Monday, July 31, 2006


Phil Willis' Science Select Committee has come up with some fresh thinking on drug classifications.
This can only be a good thing by considering levels of harm, rather than the outdated and anomalous list classification we currently have.
In putting this list together it is good to also measure the harm of other, legal, drugs such as alcohol and tobacco. It is important to differentiate between the levels of penalties for offences for controlled drugs, and the harm that legal and illegal drugs do.

Drugs and Sport

Its not been a good few days with Gatlin openly acknowledging that his B sample has also failed and waiting upon Floyd Landis' B sample results.
I've not liked the approach taken by US Athletics in the past in not being more open about athletes who have failed tests. In Gatlin's case he has been the one talking to the media, and all relates to a test taken in April. Of course since then he's gone on to equal the world record for 100m.
Meanwhile Professional Cycling continues to be dragged down by doping scandals. In cycling, failed tests are published earlier, and teams now withdraw riders under suspicion straight away.
Will cycling ever be clean again?

Friday, July 28, 2006

I've taken the Straw pledge, have you...?

James Graham has set up a pledge to write to Jack Straw to tell him to not be such an idiot in attaching
Straw's premise is that recording the number of MPs Written Questions to ministers is encouraging MPs to submit more questions to appear higher in the stats recorded by TheyWorkForYou.
The website has already bowed to some of this pressure unfortunately: they no longer give an absolute ranking of the MPs quantity. But they have maintained the record of the number of 3 word alliterative phrases used.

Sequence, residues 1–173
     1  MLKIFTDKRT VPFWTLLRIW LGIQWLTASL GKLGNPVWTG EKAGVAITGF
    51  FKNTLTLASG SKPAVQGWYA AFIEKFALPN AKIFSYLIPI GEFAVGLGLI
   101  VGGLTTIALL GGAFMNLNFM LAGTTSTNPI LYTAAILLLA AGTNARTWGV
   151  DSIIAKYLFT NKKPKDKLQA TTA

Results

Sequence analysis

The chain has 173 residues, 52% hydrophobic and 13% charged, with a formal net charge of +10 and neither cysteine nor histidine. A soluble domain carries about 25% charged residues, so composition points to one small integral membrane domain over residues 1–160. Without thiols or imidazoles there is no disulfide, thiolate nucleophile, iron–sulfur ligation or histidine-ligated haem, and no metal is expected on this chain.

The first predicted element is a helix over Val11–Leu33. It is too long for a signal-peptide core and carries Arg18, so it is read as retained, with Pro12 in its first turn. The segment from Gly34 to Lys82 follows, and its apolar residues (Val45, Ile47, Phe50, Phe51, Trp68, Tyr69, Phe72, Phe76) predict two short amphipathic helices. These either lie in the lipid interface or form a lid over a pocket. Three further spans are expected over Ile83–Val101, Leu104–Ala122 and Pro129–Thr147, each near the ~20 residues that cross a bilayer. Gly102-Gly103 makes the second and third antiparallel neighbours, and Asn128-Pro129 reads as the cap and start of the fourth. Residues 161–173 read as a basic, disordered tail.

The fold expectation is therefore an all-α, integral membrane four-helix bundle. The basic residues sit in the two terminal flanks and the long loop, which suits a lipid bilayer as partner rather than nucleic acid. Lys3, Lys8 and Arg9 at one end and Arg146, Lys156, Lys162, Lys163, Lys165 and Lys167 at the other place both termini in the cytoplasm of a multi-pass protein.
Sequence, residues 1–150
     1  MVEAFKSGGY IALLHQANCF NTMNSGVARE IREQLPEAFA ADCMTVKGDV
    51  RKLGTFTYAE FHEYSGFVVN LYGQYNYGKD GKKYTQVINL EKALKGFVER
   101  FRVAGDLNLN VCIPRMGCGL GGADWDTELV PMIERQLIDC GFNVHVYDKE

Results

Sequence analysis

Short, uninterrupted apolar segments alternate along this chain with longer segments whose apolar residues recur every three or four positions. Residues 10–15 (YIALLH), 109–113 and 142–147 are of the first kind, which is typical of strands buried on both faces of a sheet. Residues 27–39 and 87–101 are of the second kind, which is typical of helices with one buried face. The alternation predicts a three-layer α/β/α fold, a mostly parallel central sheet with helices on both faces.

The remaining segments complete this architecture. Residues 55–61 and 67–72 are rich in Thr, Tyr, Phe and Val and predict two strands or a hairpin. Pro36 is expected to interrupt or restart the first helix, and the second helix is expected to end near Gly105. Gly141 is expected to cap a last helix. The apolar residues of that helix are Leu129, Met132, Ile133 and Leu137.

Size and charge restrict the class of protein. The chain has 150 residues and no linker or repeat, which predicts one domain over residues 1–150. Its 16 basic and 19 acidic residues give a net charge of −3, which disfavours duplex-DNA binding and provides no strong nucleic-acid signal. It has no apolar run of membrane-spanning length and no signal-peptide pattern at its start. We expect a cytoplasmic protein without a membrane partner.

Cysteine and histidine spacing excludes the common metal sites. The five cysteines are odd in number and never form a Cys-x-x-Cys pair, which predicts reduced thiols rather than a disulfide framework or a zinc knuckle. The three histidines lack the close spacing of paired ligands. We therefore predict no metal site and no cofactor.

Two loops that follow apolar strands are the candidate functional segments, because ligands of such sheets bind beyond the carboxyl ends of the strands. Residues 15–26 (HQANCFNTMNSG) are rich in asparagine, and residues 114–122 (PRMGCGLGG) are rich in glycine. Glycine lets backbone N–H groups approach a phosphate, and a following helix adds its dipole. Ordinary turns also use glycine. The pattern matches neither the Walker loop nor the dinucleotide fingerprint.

Straw's outburst prompts one to wonder why government and other agencies publish "performance" data. Has newLabour decided that it doesn't like performance measures when these measures aren't in their control?

Wednesday, July 26, 2006

Weekend in Cambridge

On Saturday I popped down to Cambridge to catch up with an old work colleague, Simon, who has been down there for 4 or so years. I managed to avoid the biblical like downpour that was sweeping across the country west to east, although those waiting at Ely station caught the brunt of it as we went through.
The weekend was spent talking about a whole range of things, including how various re-organisations were taking place in our respective institutions, and mostly down while sitting outside various public houses near the Cam.
On Sunday as we walked into the centre, there were hundreds of cyclists arriving at a finish line on one of the park areas. It turned out there was a 50 mile sponsered London to Cambridge ride, which seemed a very nice way to spend a Sunday morning. I was quite jealous.

Friday, July 21, 2006

Le Tour

This years Tour de France has been one of the most exciting for many years. The TV highlights have been compelling viewing, and it is clear that despite professional cycling having its reputation dragged through the mud, spectators and viewers are tuning in and watching this most physically demanding sporting events. For those who want to follow the tour without Eurosport, I use the CSC tracker.